For Journalist Probir Sikdar, justice is hard-earned – one that has been through extreme physical and mental suffering as well as incredible financial hardship.
Probir was acquitted by a Dhaka court on Thursday in a case filed under the ICT Act six years ago.
In an interview with The Business Standard hours after his acquittal, Probir Sikder said, "It is very sad that a person has lost six years of his life by appearing in court day after day.
"I have had to appear in court at least 50 times even after getting a bail," he added.
The journalist also elaborated on the financial toll the case took on him.
"Even though the cost of handling the case was borne by a private human rights organisation, I have suffered in many ways.
"I didn't get a chance to work. Newspapers were afraid to appoint me. Even businesses were afraid to provide my newspaper with advertisements. I was isolated. I had to make ends meet by selling land in my native home."
Probir Sikdar also claimed that the police had tortured him even before making a prayer for remand.
He, however, appreciated the court's verdict. "I think the court has not only acquitted me but also passively conveyed the message that people's freedom of expression should be upheld."
Probir, editor of Daily Bangla 71, was arrested on 16 August 2015 after Faridpur Awami League leader Swapan Kumar Paul filed a case over a Facebook post he made. Later, he got bail.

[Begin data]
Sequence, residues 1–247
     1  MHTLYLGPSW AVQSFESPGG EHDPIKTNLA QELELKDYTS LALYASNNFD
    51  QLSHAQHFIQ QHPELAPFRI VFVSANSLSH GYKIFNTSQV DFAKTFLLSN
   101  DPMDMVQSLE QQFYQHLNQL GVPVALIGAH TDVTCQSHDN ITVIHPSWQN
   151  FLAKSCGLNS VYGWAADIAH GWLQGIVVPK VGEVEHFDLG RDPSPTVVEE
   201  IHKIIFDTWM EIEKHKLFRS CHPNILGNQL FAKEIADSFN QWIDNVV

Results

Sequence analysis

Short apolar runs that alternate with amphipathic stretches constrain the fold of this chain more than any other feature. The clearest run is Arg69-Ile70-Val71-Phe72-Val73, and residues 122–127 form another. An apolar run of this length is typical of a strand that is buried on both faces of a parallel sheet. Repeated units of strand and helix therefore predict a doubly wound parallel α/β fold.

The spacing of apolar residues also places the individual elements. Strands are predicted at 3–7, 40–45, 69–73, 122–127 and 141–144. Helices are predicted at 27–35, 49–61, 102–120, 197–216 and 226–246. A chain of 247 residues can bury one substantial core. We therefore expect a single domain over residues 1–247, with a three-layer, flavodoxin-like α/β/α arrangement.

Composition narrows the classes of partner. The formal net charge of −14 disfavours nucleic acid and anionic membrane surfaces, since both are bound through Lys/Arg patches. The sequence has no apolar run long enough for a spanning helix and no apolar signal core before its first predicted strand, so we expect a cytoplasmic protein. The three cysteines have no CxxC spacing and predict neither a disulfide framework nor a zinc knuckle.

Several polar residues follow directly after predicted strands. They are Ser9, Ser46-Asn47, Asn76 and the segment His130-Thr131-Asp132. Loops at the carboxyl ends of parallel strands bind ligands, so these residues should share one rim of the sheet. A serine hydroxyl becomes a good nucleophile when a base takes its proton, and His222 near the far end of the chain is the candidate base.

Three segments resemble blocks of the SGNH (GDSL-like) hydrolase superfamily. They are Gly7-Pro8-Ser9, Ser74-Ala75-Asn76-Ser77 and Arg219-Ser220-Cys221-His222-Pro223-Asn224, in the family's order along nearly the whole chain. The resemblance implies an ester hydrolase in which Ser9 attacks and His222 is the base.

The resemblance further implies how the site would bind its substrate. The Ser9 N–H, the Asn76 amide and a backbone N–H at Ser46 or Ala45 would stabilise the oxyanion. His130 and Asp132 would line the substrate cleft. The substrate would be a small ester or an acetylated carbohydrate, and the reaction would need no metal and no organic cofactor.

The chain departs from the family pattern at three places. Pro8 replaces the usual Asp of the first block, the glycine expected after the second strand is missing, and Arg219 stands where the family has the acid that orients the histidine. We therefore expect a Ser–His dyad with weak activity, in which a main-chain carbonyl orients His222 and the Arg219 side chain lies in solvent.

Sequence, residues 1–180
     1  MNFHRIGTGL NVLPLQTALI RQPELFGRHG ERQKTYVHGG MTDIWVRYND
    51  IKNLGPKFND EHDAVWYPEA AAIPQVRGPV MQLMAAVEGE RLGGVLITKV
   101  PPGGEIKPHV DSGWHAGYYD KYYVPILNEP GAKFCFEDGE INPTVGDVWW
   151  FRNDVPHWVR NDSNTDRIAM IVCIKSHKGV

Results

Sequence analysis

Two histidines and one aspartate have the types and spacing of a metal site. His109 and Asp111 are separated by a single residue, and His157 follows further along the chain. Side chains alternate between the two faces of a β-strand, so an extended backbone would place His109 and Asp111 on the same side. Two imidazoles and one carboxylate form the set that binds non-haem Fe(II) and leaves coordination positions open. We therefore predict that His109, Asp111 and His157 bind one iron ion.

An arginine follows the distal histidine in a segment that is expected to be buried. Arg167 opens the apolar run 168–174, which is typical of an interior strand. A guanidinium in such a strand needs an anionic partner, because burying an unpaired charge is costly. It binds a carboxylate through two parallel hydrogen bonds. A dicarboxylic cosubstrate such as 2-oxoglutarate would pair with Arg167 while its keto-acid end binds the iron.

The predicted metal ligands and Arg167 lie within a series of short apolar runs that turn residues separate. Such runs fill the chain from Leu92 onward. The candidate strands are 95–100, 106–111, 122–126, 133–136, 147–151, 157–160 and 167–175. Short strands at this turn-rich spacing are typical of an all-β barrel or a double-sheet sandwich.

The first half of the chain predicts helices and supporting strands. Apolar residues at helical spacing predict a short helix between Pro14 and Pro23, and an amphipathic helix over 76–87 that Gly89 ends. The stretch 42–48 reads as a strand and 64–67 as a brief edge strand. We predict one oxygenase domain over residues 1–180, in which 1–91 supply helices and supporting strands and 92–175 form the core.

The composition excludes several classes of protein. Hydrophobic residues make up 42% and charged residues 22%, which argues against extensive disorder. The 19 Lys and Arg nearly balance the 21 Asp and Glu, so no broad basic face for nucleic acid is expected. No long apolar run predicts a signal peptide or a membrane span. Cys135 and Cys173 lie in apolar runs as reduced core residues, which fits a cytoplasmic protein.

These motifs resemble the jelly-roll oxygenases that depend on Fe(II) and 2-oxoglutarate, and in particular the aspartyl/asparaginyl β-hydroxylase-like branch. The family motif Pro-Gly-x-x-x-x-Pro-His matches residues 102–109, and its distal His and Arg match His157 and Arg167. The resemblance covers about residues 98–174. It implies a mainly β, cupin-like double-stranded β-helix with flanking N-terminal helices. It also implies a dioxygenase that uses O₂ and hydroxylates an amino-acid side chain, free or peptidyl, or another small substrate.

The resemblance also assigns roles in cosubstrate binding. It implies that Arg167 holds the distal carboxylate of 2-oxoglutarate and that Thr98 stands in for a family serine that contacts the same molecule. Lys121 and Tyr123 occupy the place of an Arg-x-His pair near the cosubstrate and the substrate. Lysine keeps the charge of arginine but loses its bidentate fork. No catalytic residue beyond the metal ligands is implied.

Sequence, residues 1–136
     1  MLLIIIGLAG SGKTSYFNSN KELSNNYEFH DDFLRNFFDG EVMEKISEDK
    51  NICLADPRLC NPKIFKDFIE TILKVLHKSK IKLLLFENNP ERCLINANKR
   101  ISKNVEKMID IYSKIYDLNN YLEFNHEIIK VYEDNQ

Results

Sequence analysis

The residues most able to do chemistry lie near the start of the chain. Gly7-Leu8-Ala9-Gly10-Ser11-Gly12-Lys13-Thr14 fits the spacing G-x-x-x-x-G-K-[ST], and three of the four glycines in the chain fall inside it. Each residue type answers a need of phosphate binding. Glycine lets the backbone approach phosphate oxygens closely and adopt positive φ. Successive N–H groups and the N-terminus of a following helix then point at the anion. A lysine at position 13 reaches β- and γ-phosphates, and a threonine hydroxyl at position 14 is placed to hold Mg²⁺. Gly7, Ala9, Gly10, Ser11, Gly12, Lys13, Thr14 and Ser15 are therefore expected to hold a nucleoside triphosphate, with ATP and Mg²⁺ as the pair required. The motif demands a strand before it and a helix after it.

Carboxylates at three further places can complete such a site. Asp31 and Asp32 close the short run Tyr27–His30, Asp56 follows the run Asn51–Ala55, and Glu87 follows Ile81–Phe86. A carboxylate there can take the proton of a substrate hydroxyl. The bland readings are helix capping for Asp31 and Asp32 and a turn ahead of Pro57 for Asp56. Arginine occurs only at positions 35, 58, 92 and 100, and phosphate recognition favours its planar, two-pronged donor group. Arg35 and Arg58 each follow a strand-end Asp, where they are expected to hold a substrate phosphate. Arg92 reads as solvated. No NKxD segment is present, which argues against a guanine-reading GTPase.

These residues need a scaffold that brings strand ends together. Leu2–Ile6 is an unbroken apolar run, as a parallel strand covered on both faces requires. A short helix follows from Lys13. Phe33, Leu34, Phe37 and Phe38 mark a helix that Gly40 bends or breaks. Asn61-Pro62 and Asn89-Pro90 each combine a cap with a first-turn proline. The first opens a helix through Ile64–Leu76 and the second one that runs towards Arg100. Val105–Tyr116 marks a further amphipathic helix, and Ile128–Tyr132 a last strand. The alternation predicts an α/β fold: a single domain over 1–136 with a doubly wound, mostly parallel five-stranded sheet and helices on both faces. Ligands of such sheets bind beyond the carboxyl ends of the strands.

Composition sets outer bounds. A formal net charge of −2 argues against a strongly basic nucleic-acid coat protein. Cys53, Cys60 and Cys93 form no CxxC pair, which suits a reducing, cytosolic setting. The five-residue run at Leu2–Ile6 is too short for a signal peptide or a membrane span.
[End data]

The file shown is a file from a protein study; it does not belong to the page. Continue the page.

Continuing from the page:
In the Facebook post, dated 10 August 2015, Probir said his life was under threat and that the then Local Government and Rural Development Minister Khandkar Mosharraf Hossain and two others would be responsible if he was killed.
Probir Sikdar said he was framed in the case. "In my Facebook post, there was no element to be sued. But, the case was filed by misusing power and I was arrested. I was physically tortured before being remanded after my arrest. The torture inflicted on me is beyond description."
The veteran journalist was paralysed when he was attacked in 2001 for publishing a series of reports in a national daily about razakars in Faridpur. "I lost a leg in the attack. I am leading a disabled's life."
"In such a situation, I was prosecuted in the ICT case and had to land in jail."
Explaining the difficulties of appearing in the Dhaka Cyber Tribunal about 50 times after getting released from prison on bail, Probir said, "My family members also regularly went to the court with me as I needed assistance as a disabled person. A day in court felt like a year to me."
"Although the cost of handling the case was borne by the human rights organisation Ain o Salish Kendra (ASK), I had to pay for travel and other expenses for attending the court, which I did not calculate. But, the burden of that unnecessary expenditure on me – a disabled person –was as heavy as a mountain."
"The suffering of having to go to the court in this manner tantamounted to physical abuse. As a result, I was exposed to many more complex diseases. Now my physical condition has turned worse.
"Apart from physical and mental abuse, I have also been socially and politically harassed due to this case."
Probir Sikdar said he would consult the lawyers to take legal action to seek compensation for the losses he had suffered because of the false case. "I will take this step once my physical condition improves a bit."
He also criticised the misuse of the Digital Security Act and demanded bail for all the people arrested in cases filed under this "black law", as well as withdrawal of all such cases and the abolishment of the law.
"To me, the Digital Security Act enacted by replacing the ICT Act is 'old wine in a new bottle'", adding, the law is a major barrier to freedom of expression.
"The court in its verdict said the case hampered my freedom of expression."
Probir Sikdar said, "I got justice. I am happy with this verdict and think this is a win for truth. Not only that, this verdict has given me more courage to raise my voice against injustice."